Survey question #1: 2D or 3D wargame? 29% said 3D, 39% said 2D and 32% said 'It didn't matter."

Survey question #1: 2D or 3D wargame? 29% said 3D, 39% said 2D and 32% said ‘It didn’t matter.”

Surprisingly, 71% of respondents said that they would either be happy with a 2D wargame or that it didn’t matter to them. Those are pretty overwhelming numbers. It should be no surprise that it takes a great deal more time and money to create a 3D wargame than a 2D wargame so these results are quite eye opening and also reassuring. While this flies in the face of what we were told by the ‘largest publisher of digital wargames in the world’ it nonetheless, comes directly from the consumers themselves.

The next question was, “How important is the ability to create new scenarios?” Two of the last three games that I wrote (UMS and UMS2) provided the ability for users to create new scenarios. Creating a suite of scenario editing utilities is not trivial. Frankly, as a game designer, you normally just cobble some system together that will allow you to create scenarios for your game. Often these include XAML files and using PhotoShop or some other paint program. Frequently this system is buggy or you have to do something in a weird order for it work right. But when you create an editing suite for the public it has not only be bug-free but it has to have an intuitive and easy to use interface. Based on the your responses, below, it looks like I’ll be creating an editing suite for you to create your own scenarios.

How important is the ability to create new scenarios? 25% said "Very important," 48% said "Somewhat important" and 29% said, "Not very important."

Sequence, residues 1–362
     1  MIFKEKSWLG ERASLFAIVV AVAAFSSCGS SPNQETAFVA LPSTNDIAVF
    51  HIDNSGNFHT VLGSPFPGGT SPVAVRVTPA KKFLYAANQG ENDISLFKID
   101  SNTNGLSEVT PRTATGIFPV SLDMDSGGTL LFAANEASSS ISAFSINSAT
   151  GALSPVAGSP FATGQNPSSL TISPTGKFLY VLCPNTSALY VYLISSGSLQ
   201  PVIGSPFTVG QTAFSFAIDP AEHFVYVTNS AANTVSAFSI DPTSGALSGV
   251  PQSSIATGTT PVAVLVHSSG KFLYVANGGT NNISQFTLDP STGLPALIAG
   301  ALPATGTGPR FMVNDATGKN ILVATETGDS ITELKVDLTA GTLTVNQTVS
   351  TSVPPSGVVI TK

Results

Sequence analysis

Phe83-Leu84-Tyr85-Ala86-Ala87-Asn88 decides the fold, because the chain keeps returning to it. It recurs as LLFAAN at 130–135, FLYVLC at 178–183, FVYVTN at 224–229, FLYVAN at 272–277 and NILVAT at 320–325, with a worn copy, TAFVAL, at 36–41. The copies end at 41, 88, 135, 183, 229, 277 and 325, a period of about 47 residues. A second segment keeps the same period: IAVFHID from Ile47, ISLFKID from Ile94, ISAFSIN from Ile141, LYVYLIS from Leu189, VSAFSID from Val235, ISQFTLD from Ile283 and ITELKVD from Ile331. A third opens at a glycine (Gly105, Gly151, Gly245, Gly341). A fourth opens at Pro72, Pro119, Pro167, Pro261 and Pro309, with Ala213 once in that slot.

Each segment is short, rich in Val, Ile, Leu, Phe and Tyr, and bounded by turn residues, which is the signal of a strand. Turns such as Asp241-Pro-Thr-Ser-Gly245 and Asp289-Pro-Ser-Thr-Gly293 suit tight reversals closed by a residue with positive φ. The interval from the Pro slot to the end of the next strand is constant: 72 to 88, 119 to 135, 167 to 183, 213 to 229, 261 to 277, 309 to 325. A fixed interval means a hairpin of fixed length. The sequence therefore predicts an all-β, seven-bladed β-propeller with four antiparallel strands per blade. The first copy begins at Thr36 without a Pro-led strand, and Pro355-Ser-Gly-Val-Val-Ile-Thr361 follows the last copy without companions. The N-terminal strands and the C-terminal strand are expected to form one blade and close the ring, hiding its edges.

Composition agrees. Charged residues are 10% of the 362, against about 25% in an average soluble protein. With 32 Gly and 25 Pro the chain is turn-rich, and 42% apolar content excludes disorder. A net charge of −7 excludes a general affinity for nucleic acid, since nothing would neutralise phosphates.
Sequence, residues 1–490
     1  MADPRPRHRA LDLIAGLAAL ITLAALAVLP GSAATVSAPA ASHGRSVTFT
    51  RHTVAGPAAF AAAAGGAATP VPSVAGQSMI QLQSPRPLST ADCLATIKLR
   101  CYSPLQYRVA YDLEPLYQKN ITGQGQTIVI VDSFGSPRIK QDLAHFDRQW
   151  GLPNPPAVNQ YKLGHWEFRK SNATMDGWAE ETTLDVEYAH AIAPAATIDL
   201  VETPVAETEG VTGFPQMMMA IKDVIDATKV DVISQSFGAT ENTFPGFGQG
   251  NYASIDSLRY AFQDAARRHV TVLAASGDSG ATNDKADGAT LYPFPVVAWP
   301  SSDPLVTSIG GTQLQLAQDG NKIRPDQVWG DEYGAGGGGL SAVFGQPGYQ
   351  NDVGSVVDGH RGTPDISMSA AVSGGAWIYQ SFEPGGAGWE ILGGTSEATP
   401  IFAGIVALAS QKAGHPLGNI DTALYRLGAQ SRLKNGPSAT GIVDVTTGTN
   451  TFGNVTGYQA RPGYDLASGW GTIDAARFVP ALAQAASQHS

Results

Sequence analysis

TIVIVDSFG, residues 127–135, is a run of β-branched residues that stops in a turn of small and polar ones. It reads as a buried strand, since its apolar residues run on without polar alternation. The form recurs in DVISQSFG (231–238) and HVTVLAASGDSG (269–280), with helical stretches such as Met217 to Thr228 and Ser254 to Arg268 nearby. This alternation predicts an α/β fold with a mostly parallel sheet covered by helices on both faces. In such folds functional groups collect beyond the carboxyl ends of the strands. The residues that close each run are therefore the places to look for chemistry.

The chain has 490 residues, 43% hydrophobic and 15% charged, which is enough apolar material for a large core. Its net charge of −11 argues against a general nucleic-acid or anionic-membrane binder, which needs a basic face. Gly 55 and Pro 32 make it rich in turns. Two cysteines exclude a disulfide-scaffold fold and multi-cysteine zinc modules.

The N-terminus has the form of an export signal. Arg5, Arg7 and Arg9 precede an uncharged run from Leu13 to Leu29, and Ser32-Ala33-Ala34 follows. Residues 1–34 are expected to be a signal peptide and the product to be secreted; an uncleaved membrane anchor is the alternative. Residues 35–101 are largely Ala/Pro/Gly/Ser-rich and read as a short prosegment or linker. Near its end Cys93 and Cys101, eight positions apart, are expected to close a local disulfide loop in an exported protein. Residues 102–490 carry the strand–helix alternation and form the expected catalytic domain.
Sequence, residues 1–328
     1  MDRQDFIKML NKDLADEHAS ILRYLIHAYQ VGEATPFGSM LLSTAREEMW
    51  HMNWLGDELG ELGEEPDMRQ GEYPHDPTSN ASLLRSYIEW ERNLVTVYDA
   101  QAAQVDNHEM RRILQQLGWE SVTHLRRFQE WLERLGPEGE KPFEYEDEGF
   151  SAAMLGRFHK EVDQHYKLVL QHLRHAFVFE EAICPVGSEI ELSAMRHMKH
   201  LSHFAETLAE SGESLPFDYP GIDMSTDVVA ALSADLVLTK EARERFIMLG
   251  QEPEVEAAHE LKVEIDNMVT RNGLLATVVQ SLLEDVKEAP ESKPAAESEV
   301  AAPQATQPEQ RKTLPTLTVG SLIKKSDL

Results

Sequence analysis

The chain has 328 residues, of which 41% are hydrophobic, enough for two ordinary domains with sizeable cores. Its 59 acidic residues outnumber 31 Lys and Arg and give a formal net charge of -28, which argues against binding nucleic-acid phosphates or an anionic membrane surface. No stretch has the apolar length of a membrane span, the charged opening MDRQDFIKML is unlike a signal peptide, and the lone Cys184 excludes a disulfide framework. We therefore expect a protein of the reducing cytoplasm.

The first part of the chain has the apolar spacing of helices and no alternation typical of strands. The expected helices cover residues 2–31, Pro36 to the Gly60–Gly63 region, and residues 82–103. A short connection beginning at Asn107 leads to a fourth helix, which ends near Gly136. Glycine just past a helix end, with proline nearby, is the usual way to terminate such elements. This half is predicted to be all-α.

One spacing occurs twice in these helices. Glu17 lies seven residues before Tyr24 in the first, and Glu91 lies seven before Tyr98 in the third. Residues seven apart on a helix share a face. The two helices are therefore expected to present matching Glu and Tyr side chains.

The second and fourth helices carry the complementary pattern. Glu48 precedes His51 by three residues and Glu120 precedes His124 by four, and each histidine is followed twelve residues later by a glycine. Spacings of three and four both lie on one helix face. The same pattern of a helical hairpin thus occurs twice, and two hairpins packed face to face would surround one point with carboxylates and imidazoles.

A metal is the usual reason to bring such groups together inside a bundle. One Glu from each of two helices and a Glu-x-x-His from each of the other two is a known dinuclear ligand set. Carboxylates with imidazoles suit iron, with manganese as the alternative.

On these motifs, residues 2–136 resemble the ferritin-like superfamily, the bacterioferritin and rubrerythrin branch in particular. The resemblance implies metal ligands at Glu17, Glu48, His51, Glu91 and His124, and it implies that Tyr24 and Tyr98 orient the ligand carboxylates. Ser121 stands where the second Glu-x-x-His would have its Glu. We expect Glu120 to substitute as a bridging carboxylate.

How important is the ability to create new scenarios? 25% said “Very important,” 48% said “Somewhat important” and 29% said, “Not very important.”

The next survey question asked how many scenarios you would like to see ship with the game. The overwhelming favorite was ’20’ and so we’ll make sure that at least 20 scenarios are included.

The overwhelming favorite was 20 scenarios.

The overwhelming favorite was 20 scenarios.

Since 1986 every game that I’ve designed and written has been published by a ‘big’ computer game publisher. Game publishers traditionally give the game developer an advance against royalties and are responsible for distribution and promotion of the product. In return, they take between 50% and 85% of the gross receipts. Yes, that is correct.

The alternative to going the publisher route is to use Kickstarter to self fund and I am very gratified to see that the overwhelming majority of survey respondents said that they would, indeed, support this wargame via Kickstarter:

Respondents to the survey overwhelmingly said they would support a Kickstarter campaign to fund this wargame.

Respondents to the survey overwhelmingly said they would support a Kickstarter campaign to fund this wargame.

The final question in the survey was the all important, “How much would you pay for this wargame?” It looks like a list price of $50 seems not unreasonable. Early backers in Kickstarter always get a price break for their support. I’m thinking $40 on Kickstarter, $50 after.

$50 was the most popular price for this wargame.

$50 was the most popular price for this wargame.

Many thanks to all who participated in this survey (N = 168). The results were surprising and very helpful. Unfortunately, I realized that there are more questions that need to be asked about gameplay and distribution, so expect another survey shortly.